What you continue to ignore is the fact that even if the presidency were Trump's property (an utterly absurd idea), the House proceedings cannot result in his being removed; that's the job of the Senate. It's been pointed out to you that grand jury proceedings aren't subject to due process requirements, so why in the world should they apply to the House proceedings, which are functionally equivalent to a grand jury investigation? Indeed, the House proceedings will be even more Trump-friendly than a grand jury proceeding: they will be public, and the Trump toadies and enablers will get a chance to do their political-posturing act to try to divert attention away from Trump's actions. You keep blathering about the "rules of impeachment" not being followed, yet you fail to specify what they are or where they are to be found in the Constitution.
    151 replies | 1896 view(s)
  • Sonny Tufts's Avatar
    11-11-2019, 10:46 AM
    Bad analogy. If you really want to compare a presidential term to a lease, the lease would have to contain a provision allowing the landlord to evict the tenant if the landlord determines he has violated the lease. That is analogous to the power of Congress to impeach and remove a president. The landlord's determination doesn't have to comport with due process, but a court can determine whether the tenant did, in fact, violate the lease. In an impeachment context, that determination is made by the Senate. But the initial recommendation to remove (i.e., the impeachment) isn't subject to due process, and you have failed miserably to cite any legal support for the claim that it does. Whether the Senate proceedings must comply with the same procedural rules as a civil trial is an open question, but it's premature to adress that issue because Trump hasn't been impeached yet.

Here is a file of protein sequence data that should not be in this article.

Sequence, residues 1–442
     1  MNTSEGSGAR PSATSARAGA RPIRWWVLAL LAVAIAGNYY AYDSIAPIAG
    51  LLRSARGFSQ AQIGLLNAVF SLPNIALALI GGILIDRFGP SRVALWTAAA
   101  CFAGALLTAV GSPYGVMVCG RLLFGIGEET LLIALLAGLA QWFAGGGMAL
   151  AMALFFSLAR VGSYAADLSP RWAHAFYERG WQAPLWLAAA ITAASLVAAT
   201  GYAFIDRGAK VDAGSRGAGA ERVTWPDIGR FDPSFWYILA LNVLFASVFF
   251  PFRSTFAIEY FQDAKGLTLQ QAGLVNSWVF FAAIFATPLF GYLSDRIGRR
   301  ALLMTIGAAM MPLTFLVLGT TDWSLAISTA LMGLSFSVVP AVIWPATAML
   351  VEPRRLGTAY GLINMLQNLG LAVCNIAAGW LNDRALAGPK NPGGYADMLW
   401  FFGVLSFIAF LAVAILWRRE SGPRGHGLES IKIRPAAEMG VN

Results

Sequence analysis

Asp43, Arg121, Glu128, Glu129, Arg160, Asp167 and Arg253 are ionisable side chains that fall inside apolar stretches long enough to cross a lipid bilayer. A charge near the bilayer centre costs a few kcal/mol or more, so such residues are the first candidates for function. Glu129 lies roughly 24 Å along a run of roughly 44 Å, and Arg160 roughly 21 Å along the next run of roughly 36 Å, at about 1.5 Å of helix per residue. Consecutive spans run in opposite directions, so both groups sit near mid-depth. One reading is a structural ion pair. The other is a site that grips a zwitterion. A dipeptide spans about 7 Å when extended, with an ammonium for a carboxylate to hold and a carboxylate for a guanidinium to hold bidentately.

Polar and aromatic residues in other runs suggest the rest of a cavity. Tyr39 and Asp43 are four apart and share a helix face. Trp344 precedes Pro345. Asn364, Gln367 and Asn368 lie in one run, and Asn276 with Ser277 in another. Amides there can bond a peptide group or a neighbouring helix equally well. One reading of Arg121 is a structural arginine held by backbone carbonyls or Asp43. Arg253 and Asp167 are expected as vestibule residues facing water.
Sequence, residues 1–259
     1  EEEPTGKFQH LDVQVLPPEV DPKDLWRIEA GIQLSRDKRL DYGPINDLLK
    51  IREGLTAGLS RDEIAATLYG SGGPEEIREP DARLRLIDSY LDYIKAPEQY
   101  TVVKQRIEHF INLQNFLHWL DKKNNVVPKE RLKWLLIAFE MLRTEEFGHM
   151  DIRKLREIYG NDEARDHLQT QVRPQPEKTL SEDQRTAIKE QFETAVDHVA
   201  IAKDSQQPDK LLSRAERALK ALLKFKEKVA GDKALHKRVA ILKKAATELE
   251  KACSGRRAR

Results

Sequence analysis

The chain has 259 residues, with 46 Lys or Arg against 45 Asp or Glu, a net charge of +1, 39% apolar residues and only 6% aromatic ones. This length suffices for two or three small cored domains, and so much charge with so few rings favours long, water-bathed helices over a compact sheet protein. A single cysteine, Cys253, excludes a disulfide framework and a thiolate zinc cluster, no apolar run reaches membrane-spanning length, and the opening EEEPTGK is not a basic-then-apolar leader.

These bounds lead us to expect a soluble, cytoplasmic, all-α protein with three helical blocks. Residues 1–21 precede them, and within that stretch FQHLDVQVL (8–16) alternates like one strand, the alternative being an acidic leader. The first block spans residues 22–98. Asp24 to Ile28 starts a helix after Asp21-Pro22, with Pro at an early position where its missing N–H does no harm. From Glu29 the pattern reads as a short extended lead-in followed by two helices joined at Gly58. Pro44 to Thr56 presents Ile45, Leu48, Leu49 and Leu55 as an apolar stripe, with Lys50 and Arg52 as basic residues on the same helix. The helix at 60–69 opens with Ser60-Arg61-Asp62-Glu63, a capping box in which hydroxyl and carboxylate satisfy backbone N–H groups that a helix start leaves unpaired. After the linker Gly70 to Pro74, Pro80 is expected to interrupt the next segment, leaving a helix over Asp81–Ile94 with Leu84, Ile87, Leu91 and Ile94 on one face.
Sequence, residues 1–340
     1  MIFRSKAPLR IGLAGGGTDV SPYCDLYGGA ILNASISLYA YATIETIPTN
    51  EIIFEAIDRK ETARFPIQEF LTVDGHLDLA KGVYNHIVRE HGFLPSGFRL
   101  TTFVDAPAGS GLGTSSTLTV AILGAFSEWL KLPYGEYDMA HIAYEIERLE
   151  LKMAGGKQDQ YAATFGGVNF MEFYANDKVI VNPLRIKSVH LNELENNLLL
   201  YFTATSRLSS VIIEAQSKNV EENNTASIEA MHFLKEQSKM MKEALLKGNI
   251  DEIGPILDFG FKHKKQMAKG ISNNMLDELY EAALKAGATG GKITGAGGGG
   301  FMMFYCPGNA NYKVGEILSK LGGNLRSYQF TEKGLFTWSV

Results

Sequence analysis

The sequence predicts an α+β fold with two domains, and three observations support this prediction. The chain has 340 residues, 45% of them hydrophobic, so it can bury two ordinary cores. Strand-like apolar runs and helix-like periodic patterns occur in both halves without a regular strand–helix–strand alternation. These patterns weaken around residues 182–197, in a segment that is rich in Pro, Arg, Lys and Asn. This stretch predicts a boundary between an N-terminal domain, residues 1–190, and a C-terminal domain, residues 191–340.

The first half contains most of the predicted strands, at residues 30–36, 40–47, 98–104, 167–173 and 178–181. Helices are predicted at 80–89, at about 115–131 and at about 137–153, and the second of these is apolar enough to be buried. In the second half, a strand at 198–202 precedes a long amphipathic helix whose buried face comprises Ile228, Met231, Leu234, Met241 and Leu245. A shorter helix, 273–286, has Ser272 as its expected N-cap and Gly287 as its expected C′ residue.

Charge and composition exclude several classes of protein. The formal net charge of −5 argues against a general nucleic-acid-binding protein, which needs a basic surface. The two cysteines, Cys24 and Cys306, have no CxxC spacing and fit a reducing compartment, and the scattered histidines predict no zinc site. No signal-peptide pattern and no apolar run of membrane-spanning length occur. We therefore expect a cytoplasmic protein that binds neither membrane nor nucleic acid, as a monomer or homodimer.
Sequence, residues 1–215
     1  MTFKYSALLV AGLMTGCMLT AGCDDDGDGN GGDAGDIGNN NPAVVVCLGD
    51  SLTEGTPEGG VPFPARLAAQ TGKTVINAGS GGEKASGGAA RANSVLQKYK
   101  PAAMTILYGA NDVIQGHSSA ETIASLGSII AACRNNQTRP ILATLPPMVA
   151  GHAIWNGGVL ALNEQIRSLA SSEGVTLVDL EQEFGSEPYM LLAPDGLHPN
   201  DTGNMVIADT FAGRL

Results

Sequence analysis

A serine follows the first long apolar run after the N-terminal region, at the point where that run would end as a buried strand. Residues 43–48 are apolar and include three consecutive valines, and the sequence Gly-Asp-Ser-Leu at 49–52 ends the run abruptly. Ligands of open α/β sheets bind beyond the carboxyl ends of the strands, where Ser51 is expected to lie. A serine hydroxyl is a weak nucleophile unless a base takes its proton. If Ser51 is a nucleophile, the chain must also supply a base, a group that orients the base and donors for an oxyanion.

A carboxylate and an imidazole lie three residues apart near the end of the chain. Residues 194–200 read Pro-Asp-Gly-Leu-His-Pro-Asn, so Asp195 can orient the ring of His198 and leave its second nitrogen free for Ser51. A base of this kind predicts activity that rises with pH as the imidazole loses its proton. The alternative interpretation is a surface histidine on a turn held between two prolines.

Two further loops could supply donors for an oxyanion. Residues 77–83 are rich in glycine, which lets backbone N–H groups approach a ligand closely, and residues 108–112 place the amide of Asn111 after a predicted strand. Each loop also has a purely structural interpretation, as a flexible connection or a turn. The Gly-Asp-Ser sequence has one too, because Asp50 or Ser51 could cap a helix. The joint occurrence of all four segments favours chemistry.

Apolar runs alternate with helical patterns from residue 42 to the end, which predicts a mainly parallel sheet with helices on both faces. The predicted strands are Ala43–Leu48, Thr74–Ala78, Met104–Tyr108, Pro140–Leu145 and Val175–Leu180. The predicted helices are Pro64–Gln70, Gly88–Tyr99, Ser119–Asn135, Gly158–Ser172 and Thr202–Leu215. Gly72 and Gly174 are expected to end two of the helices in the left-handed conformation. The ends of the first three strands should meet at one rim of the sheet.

151 replies | 1896 view(s)
  • Sonny Tufts's Avatar
    11-11-2019, 08:15 AM
    It's ironic that the Trump apologists are wailing about the impeachment proceedings being a threat to democracy. They're oblivious to the fact that Trump is President only because of the Electoral College, a profoundly undemocratic institution.
    86 replies | 2212 view(s)
  • Sonny Tufts's Avatar
    11-11-2019, 08:06 AM
    But you said it was similar to one: "Impeachment in the House is a judicial proceeding like a Grand Jury indictment" The only requirements specified by the Constitution are that the House has the sole power of impeachment, the Senate has the sole power to remove a person from office following an impeachment, and the Chief Justice presides during the Senate proceedings.